Tuesday, August 12, 2008

The Ghat Revisited

He was standing at the end of the flight of stairs that led to the river. Storm was coming. His nephew, only eight months of age and annoyed for he was standing for the last five minutes, was nudging him as hard as he could. He was supposed to move around.

He started to walk.

Fifteen years it had been since he visited this Ghat for the last time. He remembered the day vaguely. he came with his uncle and bought a toy monkey with a cigarette in it's mouth. That was his favourite toy, but he lost it years ago.

He went down the stairs and walked along the riverbed towards north. The old houses were towering over the river under the setting sun. Once they witnessed him walking with his uncle. His old school was visible against the crimson tint on the sky. There was an old brick wall separating the school and the Ghat. They used to climb up the wall and escaped through this Ghat during the second half of school hours. The wall had been reduced to a few bricks kept together by a thin plaster coating, with weeds and roots of banyan trees all over it. His nephew gave a joyful laugh, holding out his arms at the wall. He will never get a chance to jump over it to escape school.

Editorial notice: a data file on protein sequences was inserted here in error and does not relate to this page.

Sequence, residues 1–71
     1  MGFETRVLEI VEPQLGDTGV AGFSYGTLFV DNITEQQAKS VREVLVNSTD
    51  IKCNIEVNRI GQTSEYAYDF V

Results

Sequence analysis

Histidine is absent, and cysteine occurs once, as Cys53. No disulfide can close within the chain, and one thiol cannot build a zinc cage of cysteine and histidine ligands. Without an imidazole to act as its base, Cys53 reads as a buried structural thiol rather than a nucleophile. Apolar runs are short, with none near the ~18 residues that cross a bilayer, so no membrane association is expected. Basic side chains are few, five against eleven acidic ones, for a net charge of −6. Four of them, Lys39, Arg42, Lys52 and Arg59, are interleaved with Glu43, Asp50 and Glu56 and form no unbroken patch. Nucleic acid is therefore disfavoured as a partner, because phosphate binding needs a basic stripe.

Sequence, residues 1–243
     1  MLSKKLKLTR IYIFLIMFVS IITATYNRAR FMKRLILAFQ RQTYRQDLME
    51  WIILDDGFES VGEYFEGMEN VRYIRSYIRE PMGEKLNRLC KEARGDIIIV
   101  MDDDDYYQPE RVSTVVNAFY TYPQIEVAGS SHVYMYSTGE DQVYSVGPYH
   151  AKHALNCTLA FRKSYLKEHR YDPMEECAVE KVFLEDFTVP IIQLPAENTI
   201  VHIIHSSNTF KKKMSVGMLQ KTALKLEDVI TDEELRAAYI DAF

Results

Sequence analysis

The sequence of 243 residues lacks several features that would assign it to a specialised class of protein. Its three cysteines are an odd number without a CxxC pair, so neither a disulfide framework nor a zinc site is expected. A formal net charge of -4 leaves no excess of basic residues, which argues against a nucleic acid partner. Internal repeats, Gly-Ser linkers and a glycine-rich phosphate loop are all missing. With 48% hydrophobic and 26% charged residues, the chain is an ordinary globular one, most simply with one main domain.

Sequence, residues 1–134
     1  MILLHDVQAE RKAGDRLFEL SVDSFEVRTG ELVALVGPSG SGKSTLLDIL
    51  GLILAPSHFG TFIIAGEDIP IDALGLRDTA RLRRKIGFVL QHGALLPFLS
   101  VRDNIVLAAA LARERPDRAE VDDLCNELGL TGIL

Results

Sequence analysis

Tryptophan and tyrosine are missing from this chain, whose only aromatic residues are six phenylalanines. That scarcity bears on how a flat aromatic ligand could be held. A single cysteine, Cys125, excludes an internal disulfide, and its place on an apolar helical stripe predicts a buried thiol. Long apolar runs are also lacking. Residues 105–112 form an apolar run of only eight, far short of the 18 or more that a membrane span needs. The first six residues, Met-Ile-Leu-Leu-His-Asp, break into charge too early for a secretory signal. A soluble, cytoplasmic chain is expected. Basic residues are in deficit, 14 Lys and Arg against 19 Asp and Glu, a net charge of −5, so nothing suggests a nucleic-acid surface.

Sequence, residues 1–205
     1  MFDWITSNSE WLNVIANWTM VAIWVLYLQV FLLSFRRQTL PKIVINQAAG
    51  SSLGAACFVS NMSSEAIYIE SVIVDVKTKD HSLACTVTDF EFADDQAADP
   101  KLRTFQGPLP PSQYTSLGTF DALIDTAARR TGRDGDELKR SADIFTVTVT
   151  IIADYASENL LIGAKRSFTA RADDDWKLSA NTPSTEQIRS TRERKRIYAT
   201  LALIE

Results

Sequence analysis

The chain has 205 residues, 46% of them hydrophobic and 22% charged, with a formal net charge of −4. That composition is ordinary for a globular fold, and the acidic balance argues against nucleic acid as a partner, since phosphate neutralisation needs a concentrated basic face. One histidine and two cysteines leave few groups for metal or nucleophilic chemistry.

Darkness was falling quickly with the ascending mounds of clouds. A burst of wind blew southward, and the cap of the child flew away. His uncle withdrew the cap from over a bush, and came back to take shelter under the stall of Jilabi ran by an old man just beside the temple. The old man gave him a toothless grin and a wink to the child. He knew the boy. When he was a kid, he used to come with his uncle. His uncle died a couple of years ago. He was a good man, his uncle was. Never forgot to talk to him when he came to the Ghat. He gestured the boy to the bench, and went back to his customers while talking to himself inaudibly. Reminiscence is delicious, specially at the old age.

Rain started to fall thick and fast. The child gave another cry of delight and started trying to catch raindrops in his outstretched arms. The crowd around the stall started to thin. The shopkeeper covered the remaining Jilabies, took two hot Jilabies on a piece of paper and smiling widely gave them to the boy. The boy stood up to pay when someone shouted his name from behind. His mother had come with umbrellas to bring them home.

The boy paid for the Jilabies, got hold of an umbrella and started to walk along the muddy road, his mother carrying the child at his side. The circle of life has been completed.